By 2014, more than 200 seniors could be living in a luxury apartment complex in the heart of Perry Hall.
"I'm very optimistic and excited to start construction as soon as we can," said Andrew Teeters, senior development director for The Shelter Group, a developer planning the construction of Brightview Senior Living.
Brightview took a major step toward becoming a reality last month, when the Baltimore County Council unanimously endorsed the review process.
Starting with 165 rental units, the complex is planned for a 15-acre property adjacent to the , behind the along Belair Road. Access to Brightview is planned off the 9600 block of Belair Road, according to county documents and interviews.
Construction on Brightview is expected to begin in 2013, with a grand opening planned for 2014. Construction on 60 additional units could begin sometime after, Teeters said. The total cost of the development will likely exceed $10 million.
Its design is planned to mimic the , Teeters said.
At the request of , developers plan to make a $15,000 donation toward the restoration of the Perry Hall Mansion and a $5,000 donation toward the construction of a , according to Marks and the developer.
Rental units are expected to be priced between $1,000 and $3,000 per month, based on size, amenities and health care packages, Teeters said.
Sidewalks are planned from Brightview to local walking trails, parks and the grocery store. Shuttles are also planned to transport residents to nearby , Teeters said.
Resident will also be encouraged to take tours of the restored Perry Hall Mansion and receive home delivery from popular local restaurants like , he said.
Tony Aquia, president of the nearby Forge Reserve Homeowners Association, said he became a supporter of the project after meeting with Teeters.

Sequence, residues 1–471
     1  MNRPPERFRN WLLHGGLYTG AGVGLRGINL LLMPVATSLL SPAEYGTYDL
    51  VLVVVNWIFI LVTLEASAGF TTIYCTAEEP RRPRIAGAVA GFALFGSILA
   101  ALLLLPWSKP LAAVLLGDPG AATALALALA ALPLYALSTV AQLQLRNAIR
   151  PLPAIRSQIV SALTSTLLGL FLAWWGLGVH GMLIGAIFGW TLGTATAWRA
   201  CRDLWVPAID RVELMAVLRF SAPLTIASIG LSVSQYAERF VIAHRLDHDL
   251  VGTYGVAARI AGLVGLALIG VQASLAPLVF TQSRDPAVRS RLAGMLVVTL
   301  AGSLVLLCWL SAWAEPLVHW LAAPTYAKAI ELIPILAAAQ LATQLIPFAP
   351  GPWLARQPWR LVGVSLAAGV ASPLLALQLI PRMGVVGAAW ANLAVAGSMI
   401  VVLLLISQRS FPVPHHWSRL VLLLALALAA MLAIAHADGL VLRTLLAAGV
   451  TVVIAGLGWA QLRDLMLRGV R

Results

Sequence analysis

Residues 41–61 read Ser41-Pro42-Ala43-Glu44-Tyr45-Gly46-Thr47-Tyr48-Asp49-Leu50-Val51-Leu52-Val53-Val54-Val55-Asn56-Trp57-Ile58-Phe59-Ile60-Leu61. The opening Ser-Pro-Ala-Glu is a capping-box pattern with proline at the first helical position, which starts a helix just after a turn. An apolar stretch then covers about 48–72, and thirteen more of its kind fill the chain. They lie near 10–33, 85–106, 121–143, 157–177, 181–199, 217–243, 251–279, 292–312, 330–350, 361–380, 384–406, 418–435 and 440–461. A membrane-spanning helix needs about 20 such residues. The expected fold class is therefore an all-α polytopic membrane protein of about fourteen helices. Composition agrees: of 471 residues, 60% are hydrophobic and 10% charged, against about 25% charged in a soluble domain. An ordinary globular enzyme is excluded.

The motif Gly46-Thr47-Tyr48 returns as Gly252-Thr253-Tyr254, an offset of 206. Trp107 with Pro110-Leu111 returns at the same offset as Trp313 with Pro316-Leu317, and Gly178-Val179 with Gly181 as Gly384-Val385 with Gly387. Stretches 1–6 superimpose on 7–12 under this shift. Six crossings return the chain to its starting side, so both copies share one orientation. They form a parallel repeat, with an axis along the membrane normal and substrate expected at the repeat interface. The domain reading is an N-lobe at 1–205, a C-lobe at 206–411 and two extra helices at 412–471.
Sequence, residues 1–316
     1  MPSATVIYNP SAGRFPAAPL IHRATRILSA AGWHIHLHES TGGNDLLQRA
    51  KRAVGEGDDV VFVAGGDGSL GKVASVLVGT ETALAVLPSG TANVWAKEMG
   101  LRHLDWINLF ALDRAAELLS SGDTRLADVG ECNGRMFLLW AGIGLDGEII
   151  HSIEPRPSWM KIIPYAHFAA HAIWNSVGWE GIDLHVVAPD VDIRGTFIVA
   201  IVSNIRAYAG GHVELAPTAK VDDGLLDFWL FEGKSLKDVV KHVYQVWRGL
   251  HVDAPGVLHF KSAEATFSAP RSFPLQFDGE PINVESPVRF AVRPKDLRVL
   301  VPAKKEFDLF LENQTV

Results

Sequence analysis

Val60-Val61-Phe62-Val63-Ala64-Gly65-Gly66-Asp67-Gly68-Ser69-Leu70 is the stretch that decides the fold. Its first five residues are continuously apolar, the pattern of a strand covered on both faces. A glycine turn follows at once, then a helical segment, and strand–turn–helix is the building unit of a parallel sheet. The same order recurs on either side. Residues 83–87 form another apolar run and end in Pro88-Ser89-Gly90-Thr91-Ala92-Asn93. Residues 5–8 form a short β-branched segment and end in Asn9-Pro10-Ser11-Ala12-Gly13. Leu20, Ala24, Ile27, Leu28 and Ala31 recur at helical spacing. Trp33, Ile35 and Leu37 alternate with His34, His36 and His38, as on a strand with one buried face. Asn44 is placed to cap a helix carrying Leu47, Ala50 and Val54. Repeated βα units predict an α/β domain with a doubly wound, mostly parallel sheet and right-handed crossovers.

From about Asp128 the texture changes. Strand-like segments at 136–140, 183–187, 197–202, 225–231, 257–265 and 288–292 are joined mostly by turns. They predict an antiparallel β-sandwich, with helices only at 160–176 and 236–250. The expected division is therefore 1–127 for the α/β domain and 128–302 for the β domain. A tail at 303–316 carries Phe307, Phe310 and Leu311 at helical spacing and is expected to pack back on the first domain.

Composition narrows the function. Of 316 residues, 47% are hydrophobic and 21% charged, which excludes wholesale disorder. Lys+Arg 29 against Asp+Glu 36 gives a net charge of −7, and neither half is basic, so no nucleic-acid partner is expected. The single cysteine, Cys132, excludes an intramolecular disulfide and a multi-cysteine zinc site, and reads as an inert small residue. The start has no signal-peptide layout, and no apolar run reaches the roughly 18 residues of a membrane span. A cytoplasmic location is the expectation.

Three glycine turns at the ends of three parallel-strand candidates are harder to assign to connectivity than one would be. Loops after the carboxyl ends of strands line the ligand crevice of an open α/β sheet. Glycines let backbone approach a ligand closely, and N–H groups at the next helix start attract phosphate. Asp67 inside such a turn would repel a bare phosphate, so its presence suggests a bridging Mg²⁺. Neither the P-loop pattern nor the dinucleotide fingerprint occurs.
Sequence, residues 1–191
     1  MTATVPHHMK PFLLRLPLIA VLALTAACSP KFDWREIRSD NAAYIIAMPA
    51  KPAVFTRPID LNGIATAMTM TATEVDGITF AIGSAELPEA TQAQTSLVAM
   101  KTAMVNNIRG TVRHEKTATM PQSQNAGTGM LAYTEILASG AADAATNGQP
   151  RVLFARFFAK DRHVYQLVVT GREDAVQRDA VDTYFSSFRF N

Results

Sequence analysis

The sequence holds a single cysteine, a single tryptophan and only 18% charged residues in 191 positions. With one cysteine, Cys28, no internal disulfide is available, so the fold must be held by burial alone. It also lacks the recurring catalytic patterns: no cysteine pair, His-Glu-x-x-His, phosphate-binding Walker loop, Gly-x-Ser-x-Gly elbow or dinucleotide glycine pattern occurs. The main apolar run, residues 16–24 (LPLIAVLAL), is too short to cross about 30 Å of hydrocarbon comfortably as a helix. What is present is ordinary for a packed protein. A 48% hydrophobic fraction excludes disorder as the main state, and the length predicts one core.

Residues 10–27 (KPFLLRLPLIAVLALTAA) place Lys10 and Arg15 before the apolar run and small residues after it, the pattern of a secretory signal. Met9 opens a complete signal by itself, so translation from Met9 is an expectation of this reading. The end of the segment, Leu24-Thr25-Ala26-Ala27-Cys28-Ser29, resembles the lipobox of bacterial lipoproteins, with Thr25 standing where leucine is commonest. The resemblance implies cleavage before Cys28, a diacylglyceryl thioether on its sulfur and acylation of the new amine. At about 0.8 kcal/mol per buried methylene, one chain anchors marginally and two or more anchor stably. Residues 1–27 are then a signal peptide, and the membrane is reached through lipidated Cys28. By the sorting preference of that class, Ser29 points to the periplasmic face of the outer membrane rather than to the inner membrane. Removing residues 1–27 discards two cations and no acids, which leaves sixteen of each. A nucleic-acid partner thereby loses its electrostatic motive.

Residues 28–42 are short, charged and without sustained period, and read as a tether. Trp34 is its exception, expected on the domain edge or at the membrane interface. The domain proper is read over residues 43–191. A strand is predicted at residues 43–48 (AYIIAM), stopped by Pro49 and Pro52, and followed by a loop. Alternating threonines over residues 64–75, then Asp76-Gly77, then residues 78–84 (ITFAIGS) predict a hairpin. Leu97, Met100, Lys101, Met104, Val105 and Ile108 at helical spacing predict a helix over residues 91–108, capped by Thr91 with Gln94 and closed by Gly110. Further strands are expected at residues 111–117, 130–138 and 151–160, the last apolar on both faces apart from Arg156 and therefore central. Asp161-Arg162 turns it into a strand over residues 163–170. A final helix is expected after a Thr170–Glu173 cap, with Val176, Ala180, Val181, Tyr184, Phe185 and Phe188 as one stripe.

"It should be good for the local economy. Something is going to have to happen with that lot, so it's nice to know who your neighbors are going to be beforehand," Aquia said.
The Brightview development team has been responsive to concerns from neighbors about lights and noise during construction, Aquia said.
"There were very open to implementing light reduction equipment ... and adding more greenery on the border of the development," he said.
While Marks recently called for the , in an effort to prevent some additional housing developments, he has expressed support for Brightview on several occasions.
Marks has often noted that the complex is not projected to bring any additional schoolchildren into the area. The project's environmental impact will also be minimized because only about half of the partially wooded property is expected to be developed, Marks said.
“I support this project because it will provide senior-only housing, will have no impact on Perry Hall’s overcrowded schools and minimal effects on traffic, and will enhance the commercial area near Chapel and Belair Roads," Marks stated in a press release.
Additional senior housing has also been a longtime recommendation of the Perry Hall Improvement Association, according to Marks.
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